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  1. #1
    Apple Betty is offline Seedling
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    Default "Renovating" old apple trees

    Hi all - can I ask for advice on renovating old apple trees.

    We added to our garden with part of an old orchard but all that was left were 2 apple trees (and 6ft high nettles, docks etc). These 2 trees are well over 30ft tall and most of the branches are beyond reach even with a ladder. They both fruited really well this year (1 definitely a cooker, the other I'm not sure but they were 'sharp') but I could only gather them from the ground so lots of bruised & battered. All the top branches are really crowded/overlapping/rubbing etc.

    I've read as many books about pruning as I can find but all they mention is to open them out to let air circulate etc but without a fireman's help I don't think we would even able to reach!

    Would it be too much of a shock to the tree to really 'prune' the top out ie take off whole branches rather than try to thin them out? Both trees do have new shoots lower down (3ft ish long) but obviously these will take a while to grow and the tops really do need sorting out.

    Any advice anyone can offer would be greatly received.

  2. #2
    SarzWix is offline Gardening Gnomette
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    Honestly? If you can afford it, I'd recommend getting in a tree surgeon for the initial "major haircut"... I too have read numerous books on pruning, but there's so much needs to come off our older apple tree that I just daren't do it, and the T.S. will be here within the next few weeks. He's quoted me 60 for one big tree & one smaller one.

  3. #3
    Nicos's Avatar
    Nicos is offline 'Allo 'Allo !
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    Default

    Are you in a major apple growing area-there may be a few experts at the local fruit nurseries who can help you?( can you put a rough location on your profile??)

    Good to hear you're not going to chop them down as so many peeps seem to want to do these days!

    As far as I recall- most trees which need drastic pruning should be done over a couple of years so as not to shock the tree so much. I imagine this would apply to an apple tree too. There are a couple of apple experts on here- lets hope they can advise.

    Oh- and by the way....welcome to the Vine!!!

  4. #4
    FB.'s Avatar
    FB.
    FB. is offline Early Fruiter
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    If they were my trees, I would do one of the following (in order of preference):

    1.
    Leave them alone and admire them for the fine, mature specimens they are.

    2.
    Get a professional to tidy them up.

    3.
    Cut them down.

    Anything over about 12ft generally means that there is no way the average person will be able to take proper care of them.

    I would leave the big trees as they are, and, if you want apples, plant some "bush" apples on a semi-dwarfing rootstock (such as M26 or MM106). Admire the big trees and take proper care of the "bush" trees that you should be able to maintain at a manageable height; between 6-12ft.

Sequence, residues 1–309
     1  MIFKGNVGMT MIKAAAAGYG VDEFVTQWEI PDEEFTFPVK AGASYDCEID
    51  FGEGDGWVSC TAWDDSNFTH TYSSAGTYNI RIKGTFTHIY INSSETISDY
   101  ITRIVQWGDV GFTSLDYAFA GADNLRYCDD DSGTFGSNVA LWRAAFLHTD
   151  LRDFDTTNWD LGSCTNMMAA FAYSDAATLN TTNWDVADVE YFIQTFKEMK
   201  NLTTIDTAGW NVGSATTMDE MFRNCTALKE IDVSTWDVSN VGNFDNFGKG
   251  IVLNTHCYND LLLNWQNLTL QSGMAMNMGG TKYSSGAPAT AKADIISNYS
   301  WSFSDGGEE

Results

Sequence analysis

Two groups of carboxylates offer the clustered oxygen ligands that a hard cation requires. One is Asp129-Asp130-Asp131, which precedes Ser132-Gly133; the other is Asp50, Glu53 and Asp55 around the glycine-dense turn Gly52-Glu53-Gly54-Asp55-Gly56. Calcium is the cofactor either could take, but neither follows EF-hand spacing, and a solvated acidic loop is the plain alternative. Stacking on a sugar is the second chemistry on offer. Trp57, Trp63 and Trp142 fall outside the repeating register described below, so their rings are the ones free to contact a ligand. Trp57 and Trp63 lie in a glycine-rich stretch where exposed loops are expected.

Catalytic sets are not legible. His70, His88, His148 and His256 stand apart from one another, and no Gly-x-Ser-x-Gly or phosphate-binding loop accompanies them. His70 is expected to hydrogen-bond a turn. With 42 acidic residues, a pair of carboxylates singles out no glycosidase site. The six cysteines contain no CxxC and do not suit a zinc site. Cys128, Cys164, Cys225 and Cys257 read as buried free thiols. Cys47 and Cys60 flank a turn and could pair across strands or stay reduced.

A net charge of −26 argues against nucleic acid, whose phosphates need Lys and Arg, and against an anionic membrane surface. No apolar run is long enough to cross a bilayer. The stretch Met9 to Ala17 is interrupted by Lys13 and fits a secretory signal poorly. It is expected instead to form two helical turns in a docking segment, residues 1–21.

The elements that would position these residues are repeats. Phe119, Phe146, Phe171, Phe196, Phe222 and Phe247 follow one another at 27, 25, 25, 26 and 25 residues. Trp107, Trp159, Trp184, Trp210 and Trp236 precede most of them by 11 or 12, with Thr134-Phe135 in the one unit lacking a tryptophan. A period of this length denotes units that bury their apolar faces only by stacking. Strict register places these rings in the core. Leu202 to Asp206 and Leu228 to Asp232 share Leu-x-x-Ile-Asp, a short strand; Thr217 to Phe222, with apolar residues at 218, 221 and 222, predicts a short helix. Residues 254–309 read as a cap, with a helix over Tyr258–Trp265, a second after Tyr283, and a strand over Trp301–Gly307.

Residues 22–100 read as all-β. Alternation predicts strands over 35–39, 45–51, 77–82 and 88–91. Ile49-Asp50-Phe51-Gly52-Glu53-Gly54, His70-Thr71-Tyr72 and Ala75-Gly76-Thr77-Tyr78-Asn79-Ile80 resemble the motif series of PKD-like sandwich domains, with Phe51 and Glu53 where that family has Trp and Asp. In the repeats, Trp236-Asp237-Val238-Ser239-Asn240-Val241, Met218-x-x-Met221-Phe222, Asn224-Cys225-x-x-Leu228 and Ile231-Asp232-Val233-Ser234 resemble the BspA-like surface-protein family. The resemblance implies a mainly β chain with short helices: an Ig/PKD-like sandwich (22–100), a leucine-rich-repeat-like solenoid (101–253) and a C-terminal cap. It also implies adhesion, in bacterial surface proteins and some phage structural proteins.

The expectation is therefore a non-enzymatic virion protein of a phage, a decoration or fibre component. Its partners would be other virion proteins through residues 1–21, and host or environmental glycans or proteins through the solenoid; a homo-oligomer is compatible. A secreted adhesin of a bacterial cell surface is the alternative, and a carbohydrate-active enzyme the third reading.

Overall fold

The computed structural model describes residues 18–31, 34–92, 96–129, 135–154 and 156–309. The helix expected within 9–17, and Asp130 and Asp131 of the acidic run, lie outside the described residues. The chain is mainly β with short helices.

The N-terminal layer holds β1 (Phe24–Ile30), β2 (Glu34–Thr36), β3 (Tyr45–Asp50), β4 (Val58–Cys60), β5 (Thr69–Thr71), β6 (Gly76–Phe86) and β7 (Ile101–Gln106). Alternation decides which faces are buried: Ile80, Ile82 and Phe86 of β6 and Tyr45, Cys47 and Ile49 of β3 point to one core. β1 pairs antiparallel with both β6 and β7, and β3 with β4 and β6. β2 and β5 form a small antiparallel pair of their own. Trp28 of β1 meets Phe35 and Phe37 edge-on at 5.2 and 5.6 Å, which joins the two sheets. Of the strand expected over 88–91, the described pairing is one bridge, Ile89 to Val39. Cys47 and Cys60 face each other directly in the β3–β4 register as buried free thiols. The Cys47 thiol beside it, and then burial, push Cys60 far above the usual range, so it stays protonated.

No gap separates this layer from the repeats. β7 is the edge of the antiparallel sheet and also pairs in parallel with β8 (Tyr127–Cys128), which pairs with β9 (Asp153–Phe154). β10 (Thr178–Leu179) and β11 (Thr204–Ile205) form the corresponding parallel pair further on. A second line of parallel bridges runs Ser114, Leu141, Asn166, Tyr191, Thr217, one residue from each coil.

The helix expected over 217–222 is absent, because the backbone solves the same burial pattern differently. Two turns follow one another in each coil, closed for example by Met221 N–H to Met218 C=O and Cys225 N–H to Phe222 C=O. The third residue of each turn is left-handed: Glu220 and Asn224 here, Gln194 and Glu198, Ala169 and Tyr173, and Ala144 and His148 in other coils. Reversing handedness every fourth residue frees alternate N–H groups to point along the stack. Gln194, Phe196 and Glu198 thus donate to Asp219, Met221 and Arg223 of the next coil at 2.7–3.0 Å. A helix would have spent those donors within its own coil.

5. #5
    Mcbee's Avatar
    Mcbee is offline Sprouter
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    Default

    [
    3.
    Cut them down.

    Hopefully this isn't what you'll resort to - but if does become a consideration you might need planning permission. I think you need this if you want to cut down trees that are more than 25 yrs old - but thinking about it, that might only be if you are in a protected area!

  6. #6
    BrideXIII's Avatar
    BrideXIII is offline Early Fruiter
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    Quote Originally Posted by SarzWix View Post
    Honestly? If you can afford it, I'd recommend getting in a tree surgeon for the initial "major haircut"... I too have read numerous books on pruning, but there's so much needs to come off our older apple tree that I just daren't do it, and the T.S. will be here within the next few weeks. He's quoted me 60 for one big tree & one smaller one.
    that's a good quote, i got a quote from a local firm for my mum, it started at 150
    Vive Le Revolution!!!
    'Lets just stick it in, and see what happens?'
    Cigarette FREE since 07-01-09

  7. #7
    kentvegplot is offline Tuber
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    I'd get a quote from a tree surgeon. Last February had some very old trees done - it looked drastic at the time, but they have already responded well.
    Growing in the Garden of England

  8. #8
    Apple Betty is offline Seedling
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    Default

    Many thanks for the replies so far.

    Chopping them down is not an option - we watched while the rest of the orchard was destroyed before we owned it and that was heart breaking.

    My initial thoughts were of contacting a tree surgeon but was afraid the quote would be into 3 figures (and not necessarily beginning with a 1). I might see if I can get a free appraisal from one of them first, to see what can be done.

    Living in Bramley country I should be able to find someone 'in the know' - I'll see if I can find anyone.

    However if any of the above mentioned 'apple experts' have any knowledge to impart - please do so.

    Thanks all!

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